Morel said he realized that fact last year due to a relatively high personnel turnover and has since worked to bring in and keep good folks to match Southern Sun Paving’s core group of four people that have been with the company a long time.
New Mauldin Grader Provides Excellent Upgrade
The key piece of paving equipment that Southern Sun Paving added recently came in the form of a new Mauldin M415XT maintainer, a small and maneuverable grader.
It is working alongside the asphalt paving company’s Puckett Brothers 510 graders, made in the 1980s, which Morel describes as simple and rugged machines that get the job done.
“But the parts for these graders are getting harder and harder to find when they wear out, so we started looking at our options to eventually replace them,” he said.
That led the Tennessee paving company to Mauldin, and when they saw the M415 model on display at ConExpo in 2020, they were intrigued with what the grader had to offer.
“We found that instead of having a hydrostatic motor on each wheel, which had given us problems in the past, Mauldin had changed their graders by putting hydrostatic-driven axles on the front and the rear so that each wheel will pull on the machine, making it much more useful,” Morel said. “The machine also has four-wheel steering to keep a tight turning radius, even though the wheelbase is a little longer than the Puckett. Perhaps the largest update is a single joystick to control moldboard and bucket functions compared to a multitude of levers on older machines.”
In addition to touring the Mauldin factory in South Carolina, the Morels were able to run the M415 at the manufacturer’s test-drive facility, Landon said, which made the decision to buy the machine an easy one.
Southern Sun Paving’s Mauldin M415 arrived at its new home in January, but rather than sit idle for a few months while awaiting spring, it was quickly pressed into service.
“If it was an average year, we probably would not have used it, yet, but we have done so on a handful of paving jobs already thanks to several dry, warm days,” he said.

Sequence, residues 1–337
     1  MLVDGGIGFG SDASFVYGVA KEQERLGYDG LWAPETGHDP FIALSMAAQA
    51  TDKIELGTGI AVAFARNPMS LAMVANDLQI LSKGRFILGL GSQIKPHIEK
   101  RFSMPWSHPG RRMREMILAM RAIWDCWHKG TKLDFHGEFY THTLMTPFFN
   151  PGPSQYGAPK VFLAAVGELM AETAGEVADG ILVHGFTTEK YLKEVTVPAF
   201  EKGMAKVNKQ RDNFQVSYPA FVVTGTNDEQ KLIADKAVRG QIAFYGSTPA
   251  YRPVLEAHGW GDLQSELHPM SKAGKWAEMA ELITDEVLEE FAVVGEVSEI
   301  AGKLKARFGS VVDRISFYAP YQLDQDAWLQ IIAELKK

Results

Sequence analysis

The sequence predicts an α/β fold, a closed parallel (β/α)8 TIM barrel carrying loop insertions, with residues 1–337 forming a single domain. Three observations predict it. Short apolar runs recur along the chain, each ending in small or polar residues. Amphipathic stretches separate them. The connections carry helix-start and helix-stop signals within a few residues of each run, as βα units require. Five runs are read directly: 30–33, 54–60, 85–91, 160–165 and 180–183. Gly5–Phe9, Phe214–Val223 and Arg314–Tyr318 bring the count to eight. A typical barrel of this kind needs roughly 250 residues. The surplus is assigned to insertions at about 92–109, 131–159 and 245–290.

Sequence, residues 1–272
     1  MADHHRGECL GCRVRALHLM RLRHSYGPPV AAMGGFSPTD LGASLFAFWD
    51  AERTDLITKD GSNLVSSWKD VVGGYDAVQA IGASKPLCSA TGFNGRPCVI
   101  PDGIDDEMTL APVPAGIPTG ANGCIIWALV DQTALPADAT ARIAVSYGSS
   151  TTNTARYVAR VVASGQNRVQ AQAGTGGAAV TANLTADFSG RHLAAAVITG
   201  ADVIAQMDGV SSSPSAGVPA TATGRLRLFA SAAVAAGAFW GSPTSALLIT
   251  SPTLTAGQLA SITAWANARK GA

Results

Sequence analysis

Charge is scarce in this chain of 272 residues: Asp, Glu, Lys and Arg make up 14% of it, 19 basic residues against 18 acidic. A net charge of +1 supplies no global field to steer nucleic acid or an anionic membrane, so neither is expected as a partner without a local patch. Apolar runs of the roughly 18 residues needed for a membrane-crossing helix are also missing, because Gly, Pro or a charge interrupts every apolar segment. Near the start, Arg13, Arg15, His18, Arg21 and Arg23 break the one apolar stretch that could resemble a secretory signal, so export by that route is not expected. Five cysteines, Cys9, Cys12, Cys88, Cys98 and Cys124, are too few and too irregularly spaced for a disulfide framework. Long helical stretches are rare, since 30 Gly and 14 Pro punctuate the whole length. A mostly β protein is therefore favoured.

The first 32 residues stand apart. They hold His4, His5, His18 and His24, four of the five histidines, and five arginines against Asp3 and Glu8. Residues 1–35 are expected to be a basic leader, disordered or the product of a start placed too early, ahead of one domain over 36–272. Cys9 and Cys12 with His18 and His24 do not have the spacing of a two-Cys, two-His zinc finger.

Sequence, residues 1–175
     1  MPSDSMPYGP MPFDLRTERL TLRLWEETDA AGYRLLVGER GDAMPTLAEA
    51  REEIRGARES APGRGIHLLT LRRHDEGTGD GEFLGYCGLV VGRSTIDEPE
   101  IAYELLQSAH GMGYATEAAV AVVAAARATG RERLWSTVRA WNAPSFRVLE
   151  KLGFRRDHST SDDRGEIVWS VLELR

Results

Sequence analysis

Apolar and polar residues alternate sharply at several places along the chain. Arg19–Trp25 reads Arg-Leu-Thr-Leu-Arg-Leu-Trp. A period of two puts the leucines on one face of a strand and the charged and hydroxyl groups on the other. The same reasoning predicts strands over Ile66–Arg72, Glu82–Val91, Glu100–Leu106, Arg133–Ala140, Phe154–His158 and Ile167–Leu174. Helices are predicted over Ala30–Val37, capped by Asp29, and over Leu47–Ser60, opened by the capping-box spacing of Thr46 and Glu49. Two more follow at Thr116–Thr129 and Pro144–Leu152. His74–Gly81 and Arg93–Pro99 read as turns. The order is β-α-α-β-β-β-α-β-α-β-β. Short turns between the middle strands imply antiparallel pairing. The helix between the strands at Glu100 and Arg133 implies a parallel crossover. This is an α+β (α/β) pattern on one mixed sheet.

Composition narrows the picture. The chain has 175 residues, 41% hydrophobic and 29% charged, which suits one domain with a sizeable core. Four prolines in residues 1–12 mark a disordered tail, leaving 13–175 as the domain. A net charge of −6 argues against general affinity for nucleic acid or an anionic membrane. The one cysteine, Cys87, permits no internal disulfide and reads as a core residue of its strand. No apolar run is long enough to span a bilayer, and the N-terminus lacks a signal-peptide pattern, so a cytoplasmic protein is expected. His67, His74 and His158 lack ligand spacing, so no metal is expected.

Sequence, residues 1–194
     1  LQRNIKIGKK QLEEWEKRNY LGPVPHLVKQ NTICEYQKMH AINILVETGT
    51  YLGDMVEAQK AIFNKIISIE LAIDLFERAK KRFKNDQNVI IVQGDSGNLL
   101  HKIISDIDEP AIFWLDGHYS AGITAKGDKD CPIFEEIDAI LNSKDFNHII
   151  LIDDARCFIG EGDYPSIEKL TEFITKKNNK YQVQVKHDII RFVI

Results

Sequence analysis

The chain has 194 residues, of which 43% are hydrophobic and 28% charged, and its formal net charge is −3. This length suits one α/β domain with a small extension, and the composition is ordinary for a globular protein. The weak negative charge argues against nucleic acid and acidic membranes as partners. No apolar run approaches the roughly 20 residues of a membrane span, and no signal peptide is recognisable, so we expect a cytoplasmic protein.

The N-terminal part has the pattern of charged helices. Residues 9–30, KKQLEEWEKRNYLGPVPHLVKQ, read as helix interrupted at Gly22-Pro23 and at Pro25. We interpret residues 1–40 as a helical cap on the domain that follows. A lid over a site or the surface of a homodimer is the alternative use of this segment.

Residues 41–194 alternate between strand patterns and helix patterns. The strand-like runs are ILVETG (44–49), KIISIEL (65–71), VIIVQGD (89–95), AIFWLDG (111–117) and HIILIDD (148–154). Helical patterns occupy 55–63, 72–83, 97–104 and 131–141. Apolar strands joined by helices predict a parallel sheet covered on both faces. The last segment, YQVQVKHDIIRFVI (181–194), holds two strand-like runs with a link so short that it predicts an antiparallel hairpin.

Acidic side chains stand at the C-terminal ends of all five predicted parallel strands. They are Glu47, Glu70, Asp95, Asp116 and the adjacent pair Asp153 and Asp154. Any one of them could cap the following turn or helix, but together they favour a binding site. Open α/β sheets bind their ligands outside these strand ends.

Asphalt Sealing Operations Under Discussions
With Southern Sun Paving’s focus squarely on its bread-and-butter paving operations, a lot of thought on the future of the company’s long-time asphalt sealcoating business is currently under way, said Morel.
“Looking at our current business model, we have talked about whether that is something that we want to expand upon or cut back,” he said. “My Uncle Brendan is the one that runs that service. He is super meticulous and does a great job, but the volume of work is not what it could be.”
Yet, he added that “there is certainly opportunity for the sealcoat business to grow.”
But because Reynolds also is a jack-of-all-trades at the paving company, skilled in doing most everything, that part of the business would require someone else to aid in running it who is equally as meticulous if its expansion were considered.
“That’s one of the cool things about being in a small family business,” Landon said. “One of the things that I enjoy anyway — maybe it is the entrepreneurial spirit — is there are so many ways to expand and get better. We could possibly develop an office staff over the next couple of years if we wanted. Any way we turn, really, there are ways to grow.” CEG